Lost to the Night: The Lancaster Crew | The Rant Foundry

Filed in: War History  –  Author: JF Dowsett

At the Binbrook RAF flying base in Lincolnshire, Britain during April 1944, the crew of a Lancaster bomber were posing – in their spare t…

Source: Lost to the Night: The Lancaster Crew | The Rant Foundry

Bulgarian Archaeologists Discover 11th Century Rakia Distillation Vessel | Ancientfoods

Original Article:
July 27, 2015
novitine.com

Bulgarian archaeologists recently discovered an 11th century fragment of a distillation vessel used for the production of the country’s traditional fruit brandy, which is known as rakia.

The fragment was uncovered during the excavation works, which are being conducted by the National Historical Museum (NIM) at the medieval Lyutitsa fortress.

The fortress is situated on a hill above the town of Ivaylovgrad and the find was discovered by the team of archaeologist Filip Petrunov, press statement of NIM informs.

This is the second vessel for the distillation of rakia to be uncovered at the fortress and the third one in Bulgaria.The first vessel at Lyutitsa was found in…

Source: Bulgarian Archaeologists Discover 11th Century Rakia Distillation Vessel | Ancientfoods

Austro-Hungarian Red Book: Count Berchtold to the Austro-Hungarian Mission, 25 July 1914 – Part IV | The July Crisis: 100 Years On, 1914-2014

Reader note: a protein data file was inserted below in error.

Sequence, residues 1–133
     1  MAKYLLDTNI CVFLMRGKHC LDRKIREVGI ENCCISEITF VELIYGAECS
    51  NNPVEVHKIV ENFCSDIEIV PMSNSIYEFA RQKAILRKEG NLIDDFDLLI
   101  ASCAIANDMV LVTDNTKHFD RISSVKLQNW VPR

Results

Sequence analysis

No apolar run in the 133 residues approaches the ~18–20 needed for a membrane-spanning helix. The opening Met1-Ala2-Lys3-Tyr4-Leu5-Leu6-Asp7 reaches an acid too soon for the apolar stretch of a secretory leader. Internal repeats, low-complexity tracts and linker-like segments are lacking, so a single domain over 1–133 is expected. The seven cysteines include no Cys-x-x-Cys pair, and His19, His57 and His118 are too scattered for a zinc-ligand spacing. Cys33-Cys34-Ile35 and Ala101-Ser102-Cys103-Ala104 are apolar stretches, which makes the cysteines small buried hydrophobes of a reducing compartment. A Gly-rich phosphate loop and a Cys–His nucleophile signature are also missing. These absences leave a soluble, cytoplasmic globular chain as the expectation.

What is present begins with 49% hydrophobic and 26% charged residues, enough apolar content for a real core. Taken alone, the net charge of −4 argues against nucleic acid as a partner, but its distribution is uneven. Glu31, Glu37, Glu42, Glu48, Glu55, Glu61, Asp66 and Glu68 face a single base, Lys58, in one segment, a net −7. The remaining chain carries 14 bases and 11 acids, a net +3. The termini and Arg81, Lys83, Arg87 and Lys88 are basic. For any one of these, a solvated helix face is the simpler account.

Originally posted on The July Crisis: 100 Years On, 1914-2014.

Leopold Count Berchtold

On 25 July 1914, the Austro-Hungarian Minister of Foreign Affairs, Leopold Count Berchtold (pictured), circulated a memoir to all Austro-Hungarian diplomatic missions. The memoir formed the basis of Austria-Hungary’s view of Serbia, and the Dual Monarchy’s rational during the July Crisis. From the Austro-Hungarian perspective, it lists the different forms of Serbian aggression endured since the beginning of the century, culminating in the assassination of Archduke Franz Ferdinand and his wife at Sarajevo. The following is part IV of the memoir.

Circular Note to the Austro-Hungarian Mission. Vienna, 25 July 1914.

A few months previously, research with regard to treasonable propaganda had been instituted on Luka Aljinovicz’s account. In the course of these investigations three witnesses had testified against Aljinovicz, who, they said had in 1913 received 100 dinar from the Narodna odbrana for purposes of propaganda, but more especially for an attempt upon the life of Archduke Franz Ferdinand, and a secret student society had given him the same sum.

This shows how the criminal agitation of the Narodna odbrana was recently concentrated upon the person of Archduke Franz Ferdinand.

All these facts lead to the conclusion that the Narodjia odbrana, and the elements hostile to Austria-Hungary grouped around it, had recently considered the…

via Austro-Hungarian Red Book: Count Berchtold to the Austro-Hungarian Mission, 25 July 1914 – Part IV | The July Crisis: 100 Years On, 1914-2014.

On This Day in 1929 – The Birth of Anne Frank

The York Historian